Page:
Karen R. Koenig, LCSW, M.Ed. – www.karenrkoenig.com
Break-ups can be nasty.
They can be dramatic and end with a broken heart. The key to healing your heart is to stay focused on your integrity. Don’t let what happened to you change your heart. Don’t let him win by changing the core of who you are because you are wounded and angry.
Being angry is valid, especially when the break-up involved infidelity or other violations of trust. Remember that what happens to you does not define who you are. What you do with what happens to you defines who you are.
Do not let this break-up be what defines you.
Don’t become petty because you are bitter. Don’t stoop to his level of anything. Don’t gossip or tell others his dirt just because you can. Don’t cyber stalk and post nasty things about him on Facebook. Don’t engage in self-destructive or self-defeating behaviors because you are the only one that loses if you do this. If you slip, do your best to forgive yourself and let yourself be human. Just be aware of where your anger takes you and what the cost of your anger is to you.
Once done with the relationship, don’t keep arguing with him trying to prove a point.
This is wasted energy and it keeps you engaged in a negative cycle with him. When you walk away, do it with dignity. Process the break-up and work through it. Stay engaged with friends. Focus on your own self care. Go out and enjoy a concert or movie alone. Spend time doing things that keep you positive and motivated. If the relationship was unhealthy, try to view the break-up as a good thing. It is better to know now than to spend years with him and find out the hard way later on that he is not the one for you.
Talk to a therapist to help you process your feelings and let it all out in a safe setting.
Process the things you regret and reframe this as a learning experience. Work on soothing and healing your wounds. Focus on keeping your sense of self intact. This means that you work on getting back to a place where you let who you really are shine through.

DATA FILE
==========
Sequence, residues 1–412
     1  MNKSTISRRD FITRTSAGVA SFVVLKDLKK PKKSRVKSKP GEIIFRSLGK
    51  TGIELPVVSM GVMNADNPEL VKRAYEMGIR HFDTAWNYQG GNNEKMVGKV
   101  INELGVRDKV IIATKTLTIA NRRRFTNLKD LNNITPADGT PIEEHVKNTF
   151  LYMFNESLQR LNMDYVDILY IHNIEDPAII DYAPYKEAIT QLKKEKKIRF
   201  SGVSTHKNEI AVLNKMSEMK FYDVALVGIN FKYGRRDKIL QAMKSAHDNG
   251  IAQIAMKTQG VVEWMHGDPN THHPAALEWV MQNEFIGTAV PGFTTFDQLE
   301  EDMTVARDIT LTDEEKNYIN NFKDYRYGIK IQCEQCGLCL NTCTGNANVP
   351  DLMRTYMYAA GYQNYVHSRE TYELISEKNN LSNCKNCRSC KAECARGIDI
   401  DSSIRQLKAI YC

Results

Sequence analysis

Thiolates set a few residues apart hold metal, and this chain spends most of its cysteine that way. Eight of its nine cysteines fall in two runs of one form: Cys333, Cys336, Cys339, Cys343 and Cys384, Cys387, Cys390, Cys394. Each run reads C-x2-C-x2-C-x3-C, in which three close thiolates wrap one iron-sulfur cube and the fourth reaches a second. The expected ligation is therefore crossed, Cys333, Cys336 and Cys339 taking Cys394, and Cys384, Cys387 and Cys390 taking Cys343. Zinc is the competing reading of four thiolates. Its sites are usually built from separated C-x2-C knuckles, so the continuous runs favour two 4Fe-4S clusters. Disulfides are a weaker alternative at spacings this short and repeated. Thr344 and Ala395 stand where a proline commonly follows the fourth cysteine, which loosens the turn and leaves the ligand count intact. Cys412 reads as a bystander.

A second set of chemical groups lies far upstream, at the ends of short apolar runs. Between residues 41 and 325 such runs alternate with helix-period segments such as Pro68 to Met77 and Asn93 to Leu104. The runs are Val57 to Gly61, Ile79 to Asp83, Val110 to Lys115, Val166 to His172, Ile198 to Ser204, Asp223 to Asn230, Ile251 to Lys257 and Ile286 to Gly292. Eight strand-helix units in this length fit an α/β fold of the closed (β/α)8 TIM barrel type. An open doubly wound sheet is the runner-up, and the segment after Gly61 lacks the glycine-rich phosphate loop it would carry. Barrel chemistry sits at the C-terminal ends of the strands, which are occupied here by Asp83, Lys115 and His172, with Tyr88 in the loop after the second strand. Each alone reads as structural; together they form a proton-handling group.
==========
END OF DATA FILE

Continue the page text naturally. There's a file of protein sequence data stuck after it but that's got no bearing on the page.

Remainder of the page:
Remember who you are and what you are about.
This is not going to take you down. You have survived so much worse and something better always comes along. If you stay in your integrity, the vision of who you truly are will show you the way.
Ileana Hinojosa, MLA, LMFT – www.themindfullife.net
“Sadness flies away on the wings of time.” Jean De La Fontaine
He loves me, he loves me not; he loves me, he loves me not… Your heart is dropping to the pit of your stomach, and you don’t know how to pick it back up. The tears are surfacing; you feel an immense sense of sadness. You can’t eat or sleep, constantly replaying the breakup in your mind. Instead of being in the moment, you try to push your emotions deep down, so that they will go away, and you don’t have to be bothered with them.
Out of sight, out of mind, right? Actually, when it comes to emotions, no. Ignoring your emotions doesn’t make them go away, but rather fester. We all know what happens when your emotions fester, they eventually keep building up, until you explode.
So, how can you avoid having a big explosion?
Well, first, you must acknowledge the heart break. You were hurt, and the pain sucks. It is alright to feel sad, angry, whatever the emotion is. The loss of a relationship can be devastating, causing a person to grieve what they have lost. If you deny yourself the chance to grieve, you will never truly heal. Allow yourself to cry, scream, whatever it may be.
Not good at expressing or dealing with emotion?
Well, start by listening to a song that matches the way you feel. Music has a way in making a person feel understood; it is like they are singing your story. Feel the emotion behind the words. Recognize their emotion in yourself. In addition, talking and/or journaling can be beneficial in acknowledging your emotions because it is putting them in spoken or written words. It is allowing you to process what is happening inside of you.